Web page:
45 years of intensive use of cannabis and marijuana in Amsterdam strongly support this, since everybody has been abled to buy these drugs nearly anywhere in Amsterdam, starting in 1967 or so with Paradiso's house dealers, where the conference I attended was held.

Also, since the 1980ies everyone could buy marijuana and cannabis in hundreds of so-called "coffeeshops", which seem quite free and legal, but are in fact all illegal, except that they have gotten "personal permission" of Amsterdam's mayor to break the law (I feel sure for a percentage - say 5 or 10% of the turnover - to the mayor or his lawyers, for there are no free lunches, especially not in Holland, but I have no documentary proof [2]).

But yes... it did show what the Wootton Report claimed, in 1968: Marijuana and hashish are not dangerous, and in fact are a lot less dangerous than is alcohol and nearly all other drugs.

So in fact I think this is an other bit of propaganda for Clegg and his Lib Dems, that will almost certainly come to nothing, which will then be blamed on the Conservatives.

What do I think about drugs? I am for legalization of drugs since 1967, but I do not see this happening in Holland as long as Dutch politicians can become millionaires, albeit quite secretively, through giving "personal permission" to the drugs mafia to deal their illegal drugs wherever the mayor is kind enough to "personally permit" them to. I also do not see this happening in England, but England may well do it - eventually - sooner than the Dutch, because while the English politicians may be quite corrupt, they are not drugs corrupt, while all of Holland is drugs corrupt for over 30 years now, and legalizing very probably will cost the Dutch political worthies a lot of (illegal, but who cares) money.

3. Fleshing Out Nixon’s Vietnam ‘Treason’ 

The next item is an article by James DiEugenio on Consortiumnews:

This starts as follows:

One of America’s great political mysteries continues to come into sharper focus: Did Richard Nixon sabotage President Lyndon Johnson’s Vietnam peace talks in 1968 to win that election and did Nixon’s fear of exposure lead him to create the burglary team that got caught at Watergate in 1972?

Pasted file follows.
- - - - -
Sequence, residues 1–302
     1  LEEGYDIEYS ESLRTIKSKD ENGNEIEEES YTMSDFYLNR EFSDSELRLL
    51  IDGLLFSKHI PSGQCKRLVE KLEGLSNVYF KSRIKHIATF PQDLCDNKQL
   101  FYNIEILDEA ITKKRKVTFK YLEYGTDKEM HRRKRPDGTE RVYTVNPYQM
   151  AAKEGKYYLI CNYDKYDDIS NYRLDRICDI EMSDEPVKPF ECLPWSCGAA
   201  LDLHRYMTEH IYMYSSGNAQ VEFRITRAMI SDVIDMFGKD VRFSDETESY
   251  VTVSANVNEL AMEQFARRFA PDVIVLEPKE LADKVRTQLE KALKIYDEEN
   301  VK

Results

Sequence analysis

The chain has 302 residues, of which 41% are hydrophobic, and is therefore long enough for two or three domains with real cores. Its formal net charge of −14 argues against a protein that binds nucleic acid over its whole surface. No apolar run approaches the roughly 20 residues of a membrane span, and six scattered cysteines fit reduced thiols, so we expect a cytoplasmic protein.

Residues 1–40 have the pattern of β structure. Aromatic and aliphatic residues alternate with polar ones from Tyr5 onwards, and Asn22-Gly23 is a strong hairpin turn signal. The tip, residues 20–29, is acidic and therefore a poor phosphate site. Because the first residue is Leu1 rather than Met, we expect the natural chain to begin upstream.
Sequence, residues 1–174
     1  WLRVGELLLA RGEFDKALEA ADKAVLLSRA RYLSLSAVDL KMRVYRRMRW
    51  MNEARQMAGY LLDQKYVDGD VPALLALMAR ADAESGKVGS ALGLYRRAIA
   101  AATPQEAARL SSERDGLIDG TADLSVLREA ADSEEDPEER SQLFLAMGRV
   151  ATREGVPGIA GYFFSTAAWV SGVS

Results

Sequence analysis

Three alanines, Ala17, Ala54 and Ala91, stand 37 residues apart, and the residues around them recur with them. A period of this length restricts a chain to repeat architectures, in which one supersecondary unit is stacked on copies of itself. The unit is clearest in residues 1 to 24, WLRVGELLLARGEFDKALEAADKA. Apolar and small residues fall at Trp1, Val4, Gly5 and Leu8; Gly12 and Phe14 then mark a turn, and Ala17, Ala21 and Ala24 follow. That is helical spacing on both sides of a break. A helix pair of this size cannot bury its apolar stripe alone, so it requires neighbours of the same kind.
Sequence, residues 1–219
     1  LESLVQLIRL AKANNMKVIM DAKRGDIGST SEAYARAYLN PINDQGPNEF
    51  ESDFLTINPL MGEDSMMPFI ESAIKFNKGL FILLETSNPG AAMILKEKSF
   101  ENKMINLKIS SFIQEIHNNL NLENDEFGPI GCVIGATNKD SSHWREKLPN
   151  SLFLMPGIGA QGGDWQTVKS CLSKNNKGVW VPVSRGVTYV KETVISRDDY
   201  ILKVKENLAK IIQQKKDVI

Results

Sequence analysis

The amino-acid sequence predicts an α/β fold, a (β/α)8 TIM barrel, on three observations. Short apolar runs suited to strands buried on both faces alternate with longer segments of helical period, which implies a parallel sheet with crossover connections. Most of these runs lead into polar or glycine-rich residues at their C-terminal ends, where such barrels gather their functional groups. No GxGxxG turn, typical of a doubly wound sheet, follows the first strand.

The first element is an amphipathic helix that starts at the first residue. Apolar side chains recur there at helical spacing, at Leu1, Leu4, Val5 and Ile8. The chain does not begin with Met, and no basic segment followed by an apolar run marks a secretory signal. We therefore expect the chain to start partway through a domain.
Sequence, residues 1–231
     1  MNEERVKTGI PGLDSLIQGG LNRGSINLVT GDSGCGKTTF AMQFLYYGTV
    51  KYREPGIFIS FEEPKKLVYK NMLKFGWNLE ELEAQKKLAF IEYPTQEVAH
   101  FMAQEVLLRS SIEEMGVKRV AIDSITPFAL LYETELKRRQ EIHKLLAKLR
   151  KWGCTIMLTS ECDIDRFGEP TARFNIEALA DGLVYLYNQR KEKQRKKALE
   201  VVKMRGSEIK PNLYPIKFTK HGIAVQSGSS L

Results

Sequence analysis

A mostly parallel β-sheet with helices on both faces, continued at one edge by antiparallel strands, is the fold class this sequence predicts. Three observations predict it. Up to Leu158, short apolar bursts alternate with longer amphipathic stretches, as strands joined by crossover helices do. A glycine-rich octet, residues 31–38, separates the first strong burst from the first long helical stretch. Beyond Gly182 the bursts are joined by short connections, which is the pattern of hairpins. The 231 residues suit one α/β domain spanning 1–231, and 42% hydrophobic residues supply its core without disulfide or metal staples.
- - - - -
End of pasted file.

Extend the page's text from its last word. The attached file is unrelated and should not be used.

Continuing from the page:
Pieces of this puzzle began to fall into place even in real time as Beverly Deepe, the Christian Science Monitor’s Saigon reporter, got wind of Nixon’s treachery before the 1968 election although her editors spiked her article when they couldn’t get confirmation in Washington. [See’s “The Almost Scoop on Nixon’s ‘Treason.’”]

In the ensuing years, other journalists and historians began assembling the outlines of Nixon’s peace-talk sabotage with the story getting its first big splash of attention when Seymour Hersh made reference to it in his 1983 biography of Henry Kissinger, The Price of Power.

Then, in 2012, investigative reporter Robert Parry discovered that Johnson’s long-missing file on Nixon’s 1968 operation, which was later turned over to the Johnson library, helped explain another mystery: why Nixon launched his Plumbers’ operation in 1971 and thus set in motion a series of burglaries that led to the Watergate scandal in 1972.
I have reported on this before (see: The heinous crime behind Watergate, of August 10, 2014), and it is indeed this treason - upsetting one's own government's peace negotiations in order to win a presidential election, that then causes 4 more years of war with 20.000 Americans and over a million Vietnamese killed - that caused the Watergate scandal.

Here is a small part of
The Almost Scoop on Nixon’s ‘Treason’:
After becoming President, Nixon escalated the Vietnam War, expanding U.S. bombing raids across Indochina and ordering an invasion of Cambodia. Under Nixon, the war would grind on for another four years at the loss of 20,000 more U.S. troops and possibly a million more Vietnamese. In late 1972, Nixon agreed to a peace settlement similar to the terms available to Johnson in 1968.
There is a lot more in the article, that is in fact a review of a recent book by Ken Hughes "Chasing Shadows: The Nixon Tapes, the Chennault Affair and the Origins of Watergate". It is a good article.

And it is in the crisis series mostly because it clarifies Nixon's doings and also because it clarifies the illegal and unconstitutional things quite a few U.S. presidents did.

4. Berkeley vs. Big Soda 

The next item is an article by Robert Reich on his site:

I'll quote just three paragraphs from close to the beginning:

Fifty years ago this month, Berkeley was the epicenter of the Free Speech Movement. Now, Berkeley is moving against Big Soda.

The new movement isn’t nearly dramatic or idealistic as the old one, but the odds of victory were probably better fifty years ago. The Free Speech Movement didn’t challenge the profitability of a one of the nation’s most powerful industries.

Sugary drinks are blamed for increasing the rates of chronic disease and obesity in America. Yet efforts to reduce their consumption through taxes or other measures have gone nowhere. The beverage industry has spent millions defeating them.

I say. At the moment, Reich is supporting the fight against Big Soda (Pepsico and Coca Cola), who are against a soda tax.